That is a no brainer if ever i heard one. Anesthesiologists are totally aware of your dental work and take great pains not to damage teeth.. It is not even a consideration.

Richard Ellenbogen, MD
Los Angeles Plastic Surgeon
4.7 out of 5 stars 30 reviews

General anesthesia and facelifts

depends on the surgeon and their preference.

i think tiva/general anesthesia is the way to go for a facelift.  some will do it under sedation or local.

those that use sedation or local advocate that they can do everything they need to do - but i tend to agree with your comment more can be done with general

Adam Bryce Weinfeld, MD
Austin Plastic Surgeon
4.9 out of 5 stars 58 reviews

Damage to dental work during full face lift is remote

The chance of damaging teeth under a general anesthesia is extremely remote.  Although it could happen, we have never seen it in our practice of 20 years.  It is more important to have the proper comprehensive face/neck lift than it is to worry about the very remote risk of having any dental work damaged.   Have a board certified physician anesthesiologist in attendance of your surgery so that the risk of tooth damage is extremely minimal.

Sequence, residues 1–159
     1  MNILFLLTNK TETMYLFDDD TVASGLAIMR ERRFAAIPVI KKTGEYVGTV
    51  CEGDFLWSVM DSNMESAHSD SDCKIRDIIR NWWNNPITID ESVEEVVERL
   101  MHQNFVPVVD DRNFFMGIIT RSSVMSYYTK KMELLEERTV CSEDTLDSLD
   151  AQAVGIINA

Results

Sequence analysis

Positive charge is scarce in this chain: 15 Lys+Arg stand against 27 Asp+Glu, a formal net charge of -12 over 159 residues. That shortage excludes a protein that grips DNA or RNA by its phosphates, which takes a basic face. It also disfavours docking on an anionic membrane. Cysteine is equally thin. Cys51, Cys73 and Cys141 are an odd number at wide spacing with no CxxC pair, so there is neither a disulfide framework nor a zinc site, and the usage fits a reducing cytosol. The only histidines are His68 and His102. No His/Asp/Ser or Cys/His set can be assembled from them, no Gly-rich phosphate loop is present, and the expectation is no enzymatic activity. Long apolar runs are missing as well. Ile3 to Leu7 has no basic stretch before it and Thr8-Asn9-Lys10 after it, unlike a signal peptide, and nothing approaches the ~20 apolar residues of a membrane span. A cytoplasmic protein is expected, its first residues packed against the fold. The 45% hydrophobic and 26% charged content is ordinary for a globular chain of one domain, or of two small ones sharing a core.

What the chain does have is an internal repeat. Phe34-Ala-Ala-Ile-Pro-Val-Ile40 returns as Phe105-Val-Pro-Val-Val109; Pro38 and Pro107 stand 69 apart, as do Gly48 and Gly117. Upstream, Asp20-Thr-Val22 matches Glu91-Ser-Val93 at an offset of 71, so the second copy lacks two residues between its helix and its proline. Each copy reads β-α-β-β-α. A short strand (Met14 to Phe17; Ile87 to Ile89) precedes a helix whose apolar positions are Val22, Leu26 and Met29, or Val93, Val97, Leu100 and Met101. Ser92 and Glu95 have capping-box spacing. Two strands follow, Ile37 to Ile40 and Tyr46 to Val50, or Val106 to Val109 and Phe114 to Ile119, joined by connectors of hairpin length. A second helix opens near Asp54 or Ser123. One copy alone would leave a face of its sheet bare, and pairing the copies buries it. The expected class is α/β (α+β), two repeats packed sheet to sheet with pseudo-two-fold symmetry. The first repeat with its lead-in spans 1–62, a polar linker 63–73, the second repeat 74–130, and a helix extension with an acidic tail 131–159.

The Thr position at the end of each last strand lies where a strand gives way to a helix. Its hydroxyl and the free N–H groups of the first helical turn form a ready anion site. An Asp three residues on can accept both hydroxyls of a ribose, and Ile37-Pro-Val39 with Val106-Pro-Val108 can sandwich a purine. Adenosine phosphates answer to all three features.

William Portuese, MD
Seattle Facial Plastic Surgeon
4.8 out of 5 stars 145 reviews

Facelift Anesthesia

The anesthesia used when performing facelift surgery depends on the physicians preference and the anesthesiologist preference. Facelifts can be performed under local anesthesia, twilight anesthesia, or general anesthesia. Qualified anesthetists are very experienced at dealing with loose teeth and dental work. The surgeon that you choose to perform your facelift should be chosen based upon your comfort level with the surgeon, their credentials, and their results.



Jacob D. Steiger, MD
Boca Raton Facial Plastic Surgeon
5.0 out of 5 stars 65 reviews

Face lift under IV sedation